As the Nationality and Borders Bill will now become law, preventing workers from becoming vulnerable must be a top priority. Building upon our lived experienced, Migrants At Work are pioneering a new concept to prevent, protect and Empower progress. We have developed solutions that work for us.
We invite you to join us and support our prevention strategy to tackle the roots of situational vulnerability and close the safe labour migration routes of homegrown slavery.”
Prof Alex Balch, professor of politics and Director of Research and Director of Policy Impact at Modern Slavery PEC
Prof Alex Balch is a professor of politics at the University of Liverpool, with research interests in policies on immigration and modern slavery. He currently leads the Antislavery Knowledge Network, which seeks to apply innovative methods to tackle modern slavery across Sub-Saharan Africa. He is also associate director of the African Programming and Research Initiative To End Slavery (APRIES). He has over 10 years’ experience designing and implementing programmes in diverse international contexts. His approach is collaborative and interdisciplinary, with the aim to develop new methods and modes of partnership across national boundaries with government, business and civil society to meet the challenges in addressing modern slavery.
John Cotton, Councillor, Birmingham City
Cllr Cotton is a professional public affairs practitioner, with two decades of experience in politics and policy development at local, national and European level, together with a successful record of delivery in some of the biggest political leadership roles in local government. He is presently working as a freelance consultant, alongside his ongoing work as a Birmingham City Councillor and the authority’s Cabinet Member for Social Inclusion, Community Safety and Equalities, responsible for leading the city’s efforts to tackle social and economic injustice and building stronger, safer communities. He is passionate about social justice and tackling the root causes of poverty and disadvantage. This commitment has driven his work in local government, holding Cabinet portfolios covering adult social care, public health and housing and my wider work in the voluntary and community sector.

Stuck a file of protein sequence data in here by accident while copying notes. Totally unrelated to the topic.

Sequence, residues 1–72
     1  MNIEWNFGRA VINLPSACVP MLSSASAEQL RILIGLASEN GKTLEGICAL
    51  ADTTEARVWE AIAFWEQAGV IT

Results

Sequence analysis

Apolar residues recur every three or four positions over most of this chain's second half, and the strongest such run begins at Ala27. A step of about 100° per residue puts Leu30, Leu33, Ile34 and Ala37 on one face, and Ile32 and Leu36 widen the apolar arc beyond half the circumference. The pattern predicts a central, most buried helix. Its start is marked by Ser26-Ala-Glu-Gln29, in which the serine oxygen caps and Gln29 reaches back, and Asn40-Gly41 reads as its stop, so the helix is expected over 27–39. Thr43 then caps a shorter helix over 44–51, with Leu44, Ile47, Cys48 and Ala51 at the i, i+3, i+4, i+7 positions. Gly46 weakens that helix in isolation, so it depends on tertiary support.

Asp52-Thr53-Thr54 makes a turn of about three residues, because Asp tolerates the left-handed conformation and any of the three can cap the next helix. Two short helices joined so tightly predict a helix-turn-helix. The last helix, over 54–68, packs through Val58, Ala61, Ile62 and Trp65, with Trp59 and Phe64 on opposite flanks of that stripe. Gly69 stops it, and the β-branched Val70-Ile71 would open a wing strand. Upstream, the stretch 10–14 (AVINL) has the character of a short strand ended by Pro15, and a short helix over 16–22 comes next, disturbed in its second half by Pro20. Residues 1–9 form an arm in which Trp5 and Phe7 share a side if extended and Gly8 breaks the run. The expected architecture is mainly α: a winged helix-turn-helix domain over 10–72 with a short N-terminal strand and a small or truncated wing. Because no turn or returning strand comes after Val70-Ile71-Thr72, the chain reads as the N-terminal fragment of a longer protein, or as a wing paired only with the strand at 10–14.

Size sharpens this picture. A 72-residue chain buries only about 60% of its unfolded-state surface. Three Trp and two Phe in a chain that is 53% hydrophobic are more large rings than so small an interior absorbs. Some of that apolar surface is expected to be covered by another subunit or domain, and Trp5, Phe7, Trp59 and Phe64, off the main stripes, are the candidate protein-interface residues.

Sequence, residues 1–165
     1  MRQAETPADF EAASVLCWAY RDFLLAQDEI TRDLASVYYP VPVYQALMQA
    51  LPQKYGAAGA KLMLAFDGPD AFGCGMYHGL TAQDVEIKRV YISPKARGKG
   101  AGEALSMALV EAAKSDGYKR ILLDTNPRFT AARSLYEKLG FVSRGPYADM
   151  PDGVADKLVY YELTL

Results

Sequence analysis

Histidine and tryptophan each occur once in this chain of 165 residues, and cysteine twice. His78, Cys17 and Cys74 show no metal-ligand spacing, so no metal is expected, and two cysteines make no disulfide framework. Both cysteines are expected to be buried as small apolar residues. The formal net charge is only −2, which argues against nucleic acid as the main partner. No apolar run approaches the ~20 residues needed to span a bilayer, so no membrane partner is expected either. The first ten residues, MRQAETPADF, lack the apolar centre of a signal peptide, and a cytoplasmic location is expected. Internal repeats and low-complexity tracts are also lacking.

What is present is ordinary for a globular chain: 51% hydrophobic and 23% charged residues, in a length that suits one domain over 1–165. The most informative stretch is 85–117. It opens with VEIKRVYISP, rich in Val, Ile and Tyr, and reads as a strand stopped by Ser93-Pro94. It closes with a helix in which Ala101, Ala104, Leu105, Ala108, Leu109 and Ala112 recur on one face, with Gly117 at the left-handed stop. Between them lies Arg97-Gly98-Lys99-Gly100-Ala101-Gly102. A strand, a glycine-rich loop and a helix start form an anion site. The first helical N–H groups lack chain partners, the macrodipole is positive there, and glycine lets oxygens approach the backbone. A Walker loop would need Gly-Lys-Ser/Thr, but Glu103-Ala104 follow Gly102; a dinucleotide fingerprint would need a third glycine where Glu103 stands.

Toni Taylor, Managing Director, True Talent
Toni is the founder of Tru Talent. She has come from an Operational and Client Hiring background in Recruitment and has seen first-hand what challenges there can be when recruiting and using agencies. Toni is proud to be starting something fresh and new based on my experience within the industry, providing outstanding service to those who need it alongside her team.
Shan Saba, recruitment specialist and Founder of Scotland Against Modern slavery
Shan has over 20 years’ experience of working in the recruitment industry, and founded Scotland Against Modern Slavery with the Scottish Government, Police Scotland and now with over 40 business members.
Aké Achi, Founder and Director, Migrants At Work, and Trainee solicitor (SQE route)
Aké is a former child labourer and the winner of the prestigious Human Trafficking Foundation’s Anti-Slavery day Awards 2021, in the category “Empowering Survivors voices”. He founded Migrants At Work as human trafficking for labour exploitation is not Trade Unions to priority. He developed the concept of Homegrown slavery, and since 2009, he has been promoting labour migration law as a new legal practice to prevent work crimes, which include labour exploitation and forced labour, at the intersection of migration and labour laws. While recognising the positive role Trade Unions play in ensuring that workers are treated fairly by employers, he firmly believes that the trade Union movement contributes to homegrown slavery. Building on his lived experience, he offers a new vision and approach to prevent homegrown slavery and protect his community.